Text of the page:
Book Review from the April 2001 issue of the Socialist Standard
Marx in Soho. By Howard Zinn. South End Press, distributed by Pluto Press.
Granted his request to return to earth for just one hour, to clear his name and refute the rumour that his ideas are dead, a bureaucratic mix-up finds Karl Marx in Soho, New York, instead of Soho, London where he once lived.
This short, one-man play sees Marx alone on stage, with only a table, a chair, books, newspapers and a glass of beer as props, reminiscing about his family life, enthusing about the Paris Commune and reliving an imaginary confrontation with the “shaggy anarchist” Bakunin.
Zinn's Marx can be humorous one page, and deadly serious the next in vitriolic condemnation of a system he spent his life trying to overthrow. One moment Marx is recounting his countless journeys home from the British Museum, past open sewers telling how it was “only fitting that the author of Das Kapital should slog through shit while writing the condemnation of the capitalist system”. The next he is grappling on the floor with a drunken Bakunin. Then, just as suddenly, we can hear the bearded man launch a vehement attack upon the notion that the Soviet Union was socialist: “Do they think that a system run by a thug who murdered his fellow revolutionaries is communism? Scheisskopfen . . . can that be the communism I gave my life for? . . . Angry. . . Socialism is not supposed to reproduce the stupidities of capitalism!”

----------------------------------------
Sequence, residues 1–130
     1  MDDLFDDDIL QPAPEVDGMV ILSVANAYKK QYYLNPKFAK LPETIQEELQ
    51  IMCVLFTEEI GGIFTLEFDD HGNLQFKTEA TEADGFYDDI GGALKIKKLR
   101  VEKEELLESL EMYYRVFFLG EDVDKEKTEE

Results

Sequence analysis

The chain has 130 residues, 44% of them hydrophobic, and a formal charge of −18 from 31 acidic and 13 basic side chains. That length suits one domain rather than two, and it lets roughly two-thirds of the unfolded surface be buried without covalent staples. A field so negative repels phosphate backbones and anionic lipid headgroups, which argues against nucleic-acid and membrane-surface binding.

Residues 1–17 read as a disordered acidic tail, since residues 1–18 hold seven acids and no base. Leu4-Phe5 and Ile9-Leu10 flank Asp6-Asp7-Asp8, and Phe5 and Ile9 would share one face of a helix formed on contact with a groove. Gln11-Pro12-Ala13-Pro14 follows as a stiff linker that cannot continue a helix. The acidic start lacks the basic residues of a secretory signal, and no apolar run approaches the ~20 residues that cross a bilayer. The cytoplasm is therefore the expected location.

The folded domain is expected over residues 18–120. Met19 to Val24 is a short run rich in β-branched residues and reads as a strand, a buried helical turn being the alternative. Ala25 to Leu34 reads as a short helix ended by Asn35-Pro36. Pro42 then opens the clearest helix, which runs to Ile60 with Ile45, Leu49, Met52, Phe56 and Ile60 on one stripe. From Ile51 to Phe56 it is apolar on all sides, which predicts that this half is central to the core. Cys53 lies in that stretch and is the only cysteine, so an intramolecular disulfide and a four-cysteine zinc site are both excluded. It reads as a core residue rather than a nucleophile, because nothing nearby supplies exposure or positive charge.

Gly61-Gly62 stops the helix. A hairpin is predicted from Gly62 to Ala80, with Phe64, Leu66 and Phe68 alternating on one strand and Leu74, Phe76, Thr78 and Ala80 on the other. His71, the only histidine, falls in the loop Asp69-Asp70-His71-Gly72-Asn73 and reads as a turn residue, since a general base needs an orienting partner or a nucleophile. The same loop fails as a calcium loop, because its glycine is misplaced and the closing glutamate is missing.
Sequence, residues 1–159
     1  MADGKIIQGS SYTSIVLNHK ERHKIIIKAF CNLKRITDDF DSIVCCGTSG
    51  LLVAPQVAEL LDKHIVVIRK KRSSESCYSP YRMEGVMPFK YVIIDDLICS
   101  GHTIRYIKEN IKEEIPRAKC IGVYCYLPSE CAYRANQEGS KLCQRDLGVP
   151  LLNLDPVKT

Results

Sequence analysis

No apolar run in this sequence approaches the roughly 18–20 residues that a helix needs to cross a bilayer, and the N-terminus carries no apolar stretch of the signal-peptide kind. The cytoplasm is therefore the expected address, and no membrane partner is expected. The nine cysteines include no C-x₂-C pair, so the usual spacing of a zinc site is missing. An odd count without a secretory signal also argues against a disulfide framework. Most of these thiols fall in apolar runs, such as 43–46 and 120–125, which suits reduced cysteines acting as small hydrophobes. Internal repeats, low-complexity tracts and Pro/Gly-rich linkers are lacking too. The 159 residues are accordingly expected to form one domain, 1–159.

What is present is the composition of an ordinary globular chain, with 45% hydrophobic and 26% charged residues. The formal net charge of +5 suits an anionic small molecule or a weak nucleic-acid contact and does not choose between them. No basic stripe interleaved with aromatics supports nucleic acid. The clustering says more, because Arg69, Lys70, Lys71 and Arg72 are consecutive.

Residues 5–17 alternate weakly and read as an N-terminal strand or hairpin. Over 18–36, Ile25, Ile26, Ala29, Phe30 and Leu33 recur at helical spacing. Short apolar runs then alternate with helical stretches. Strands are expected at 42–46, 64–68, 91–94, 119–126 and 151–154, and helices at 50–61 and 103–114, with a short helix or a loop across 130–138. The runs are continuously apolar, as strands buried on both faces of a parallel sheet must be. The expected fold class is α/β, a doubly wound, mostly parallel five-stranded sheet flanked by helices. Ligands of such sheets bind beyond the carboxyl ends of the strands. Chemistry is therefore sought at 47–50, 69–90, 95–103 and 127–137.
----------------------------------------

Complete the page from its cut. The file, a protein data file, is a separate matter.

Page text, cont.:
For anyone coming into contact with Marx's ideas for the first time, dreading the thought of long, studious hours in front of volumes of insipid texts on political economy, having only ever heard second-hand, distorted accounts of Marx's theories, fear not; this is a welcome first point of reference in which Zinn makes his ideas accessible and the man himself, less the spectre that haunted Europe, than some 19th century alternative comedian who just happens to know what capitalism is really all about.
The Labour Theory of Value, the Materialist Conception of History and the Class Struggle are all Marxian ideas that get aired in this short work, as well as concepts such as nationalism and alienation.
And one thing is certain; Marx in Soho is not just Marx speaking. Zinn is very much in agreement with Marx. When Marx, despairing at the consumer culture that has evolved says; “Doesn't anyone read history? . . . what kind of shit do they teach in the schools these days?” this is the real Zinn speaking, the Zinn whose books such as A People's History of the Unites States, are proscribed in US schools.
His hour up, Marx is about to leave the stage but stops and turns. “Do you resent my coming back and irritating you?” he asks. “Look at it this way. Christ couldn't make it, so Marx came.”
It's been an hour well spent. Marx is vindicated. His theories are still relevant. Socialism is not dead—it was never tried. The philosophers are still interpreting the world, whilst the point is still to change it.